Wangari Maathai: Africa's Gift to the World
In 1982, one of Germany's most important postwar artists, Joseph Beuys, proposed the planting of 7000 oak trees as 'a sculpture referring to peoples' life and their everyday work'. Beuys's 7000 Oaks is one of the most celebrated artworks in the history of the avant-garde, but did it achieve what it aimed for? How much tree planting has occurred in the world as a result of this work, except for ceremonial 'planting' in the cities of New York, Sydney and Oslo? If this work has not become 'a regenerative activity', as Beuys himself wanted in 'peoples' life [and] their everyday work', should not it be considered a failure? Is this not the fate of all art, as measured against the dynamics of everyday creativity? While Beuys's work has remained contained in the Museum, Wangari Maathai's tree planting, first begun seven years earlier in Kenya in 1976, has become a global movement and millions of trees have since been planted - and are still being planted every day - all over the world. She was awarded the Nobel Peace Prize in 2004 for her extraordinary achievement.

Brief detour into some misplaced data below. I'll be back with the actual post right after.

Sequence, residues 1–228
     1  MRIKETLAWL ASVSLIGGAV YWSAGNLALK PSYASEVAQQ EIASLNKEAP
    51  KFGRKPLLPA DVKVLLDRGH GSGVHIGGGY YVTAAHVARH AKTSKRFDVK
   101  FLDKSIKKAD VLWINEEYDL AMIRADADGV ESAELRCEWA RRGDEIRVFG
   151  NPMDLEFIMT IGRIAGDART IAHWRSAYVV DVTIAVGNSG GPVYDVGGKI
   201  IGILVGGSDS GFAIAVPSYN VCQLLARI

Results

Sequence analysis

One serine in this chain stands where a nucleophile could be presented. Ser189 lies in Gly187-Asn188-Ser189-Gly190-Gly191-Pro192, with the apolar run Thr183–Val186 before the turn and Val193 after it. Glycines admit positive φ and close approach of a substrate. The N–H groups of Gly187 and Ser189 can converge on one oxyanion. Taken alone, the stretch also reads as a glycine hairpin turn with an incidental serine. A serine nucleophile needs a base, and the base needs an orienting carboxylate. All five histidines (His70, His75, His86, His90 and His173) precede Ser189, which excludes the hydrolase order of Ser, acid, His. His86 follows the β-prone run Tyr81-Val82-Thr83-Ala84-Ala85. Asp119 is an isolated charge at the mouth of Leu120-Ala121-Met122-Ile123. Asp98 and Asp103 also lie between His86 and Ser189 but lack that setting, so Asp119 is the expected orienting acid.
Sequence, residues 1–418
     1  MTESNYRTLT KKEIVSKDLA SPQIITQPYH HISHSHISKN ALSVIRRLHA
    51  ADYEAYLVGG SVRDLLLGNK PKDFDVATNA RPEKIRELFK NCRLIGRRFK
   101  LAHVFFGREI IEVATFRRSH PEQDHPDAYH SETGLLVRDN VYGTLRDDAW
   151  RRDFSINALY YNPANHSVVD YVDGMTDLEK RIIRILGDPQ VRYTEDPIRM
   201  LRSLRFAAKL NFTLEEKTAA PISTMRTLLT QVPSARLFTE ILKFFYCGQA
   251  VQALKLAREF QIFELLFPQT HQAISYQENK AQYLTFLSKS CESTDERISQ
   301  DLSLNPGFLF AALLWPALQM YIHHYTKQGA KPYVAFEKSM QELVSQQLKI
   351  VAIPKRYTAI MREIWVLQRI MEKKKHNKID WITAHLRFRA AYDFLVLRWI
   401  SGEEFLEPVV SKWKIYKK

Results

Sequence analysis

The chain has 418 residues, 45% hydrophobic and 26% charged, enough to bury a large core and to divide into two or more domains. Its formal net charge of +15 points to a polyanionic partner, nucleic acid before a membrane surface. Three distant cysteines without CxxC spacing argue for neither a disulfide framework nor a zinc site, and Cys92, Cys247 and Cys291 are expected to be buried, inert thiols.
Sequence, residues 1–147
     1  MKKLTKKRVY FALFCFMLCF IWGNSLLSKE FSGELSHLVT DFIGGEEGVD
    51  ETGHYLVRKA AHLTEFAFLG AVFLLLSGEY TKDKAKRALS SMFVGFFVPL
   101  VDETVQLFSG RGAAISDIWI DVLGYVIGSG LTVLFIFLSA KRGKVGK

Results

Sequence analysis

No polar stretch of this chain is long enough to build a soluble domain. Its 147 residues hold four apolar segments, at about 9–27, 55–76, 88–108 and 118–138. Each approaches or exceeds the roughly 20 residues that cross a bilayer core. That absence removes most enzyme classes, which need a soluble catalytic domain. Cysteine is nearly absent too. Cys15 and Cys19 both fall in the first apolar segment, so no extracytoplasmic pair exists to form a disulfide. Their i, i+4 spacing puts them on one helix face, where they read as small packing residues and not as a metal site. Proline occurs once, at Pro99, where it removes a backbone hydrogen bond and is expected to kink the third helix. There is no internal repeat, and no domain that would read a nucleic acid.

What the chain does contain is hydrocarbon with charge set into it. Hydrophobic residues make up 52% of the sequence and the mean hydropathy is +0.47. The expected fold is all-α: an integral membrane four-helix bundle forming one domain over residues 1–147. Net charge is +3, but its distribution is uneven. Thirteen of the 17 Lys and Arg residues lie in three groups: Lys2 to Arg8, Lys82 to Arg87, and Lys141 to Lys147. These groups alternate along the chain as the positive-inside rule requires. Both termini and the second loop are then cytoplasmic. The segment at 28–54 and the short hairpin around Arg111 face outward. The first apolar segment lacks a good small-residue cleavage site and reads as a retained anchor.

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Document Type: Research Article
Publication date: 2009-09-01